Here is a brief story from the Zen teacher John Tarrant, told in his wonderful book, Bring Me the Rhinoceros. I return to this again and again, as it speaks to me of the possibility of our times–and of the actions that I have come to learn truly matter.
“A friend was in the Paris Metro when a disheveled man came onto the subway train…The man seemed to be drunk or deeply disturbed; his shirt was off, he was bleeding, and perhaps he had been beaten up. He was sweating, gesturing violently, and swearing at the young women in the car. As he spoke, saliva sprayed from his mouth. It was clear, my friend said, that he wanted something, but he was also a frightening apparition and the young people in the car made themselves small and pressed back against the sides of the car, hoping not to be noticed. My friend, who is Japanese and already small, was not sure she understood what as happening, so she followed their cue and shrank back with them.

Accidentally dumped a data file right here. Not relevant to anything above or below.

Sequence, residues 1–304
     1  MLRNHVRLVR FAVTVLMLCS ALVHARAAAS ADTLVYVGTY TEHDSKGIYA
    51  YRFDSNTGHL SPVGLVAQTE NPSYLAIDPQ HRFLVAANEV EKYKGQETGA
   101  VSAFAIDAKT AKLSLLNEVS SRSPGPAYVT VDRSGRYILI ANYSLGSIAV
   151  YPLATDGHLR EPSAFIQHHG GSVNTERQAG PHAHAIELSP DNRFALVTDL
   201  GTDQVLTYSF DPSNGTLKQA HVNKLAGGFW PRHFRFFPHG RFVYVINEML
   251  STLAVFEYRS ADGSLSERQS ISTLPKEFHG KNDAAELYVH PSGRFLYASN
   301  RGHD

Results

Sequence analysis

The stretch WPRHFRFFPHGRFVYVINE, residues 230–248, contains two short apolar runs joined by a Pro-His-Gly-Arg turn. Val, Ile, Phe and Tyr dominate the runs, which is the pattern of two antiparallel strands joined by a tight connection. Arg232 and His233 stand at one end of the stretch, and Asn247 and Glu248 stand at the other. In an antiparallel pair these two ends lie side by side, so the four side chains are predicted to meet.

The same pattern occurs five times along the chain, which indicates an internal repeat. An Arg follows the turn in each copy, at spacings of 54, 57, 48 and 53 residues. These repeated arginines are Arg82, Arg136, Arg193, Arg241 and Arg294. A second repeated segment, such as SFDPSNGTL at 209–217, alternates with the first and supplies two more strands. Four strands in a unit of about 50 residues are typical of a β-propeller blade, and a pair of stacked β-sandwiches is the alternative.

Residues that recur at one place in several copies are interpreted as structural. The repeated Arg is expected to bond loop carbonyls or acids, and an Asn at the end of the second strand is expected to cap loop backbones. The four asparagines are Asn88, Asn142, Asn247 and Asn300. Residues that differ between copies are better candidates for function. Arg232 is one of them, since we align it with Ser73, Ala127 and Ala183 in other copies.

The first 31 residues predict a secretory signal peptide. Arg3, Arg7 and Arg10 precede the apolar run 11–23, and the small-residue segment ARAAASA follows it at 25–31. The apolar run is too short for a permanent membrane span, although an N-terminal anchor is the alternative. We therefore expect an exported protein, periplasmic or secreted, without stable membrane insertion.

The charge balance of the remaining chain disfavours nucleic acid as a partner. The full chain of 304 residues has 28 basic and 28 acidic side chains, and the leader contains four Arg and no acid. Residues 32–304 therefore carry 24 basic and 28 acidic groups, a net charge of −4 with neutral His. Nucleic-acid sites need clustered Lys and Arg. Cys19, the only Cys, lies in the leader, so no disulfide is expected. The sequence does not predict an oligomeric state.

However, as the man stumbled along the aisle, an old woman whom nobody had noticed until that time reached up and took his hand. She tugged gently. His body followed her hand down, and he collapsed onto the seat beside her. As she held his head against her breast, he began sobbing. In this case, the appearance of the rhino changed things for everybody in the subway car: a moment of fear and danger became an occasion for kindness. Such a transformation is one of the truly creative acts a person can bring about.”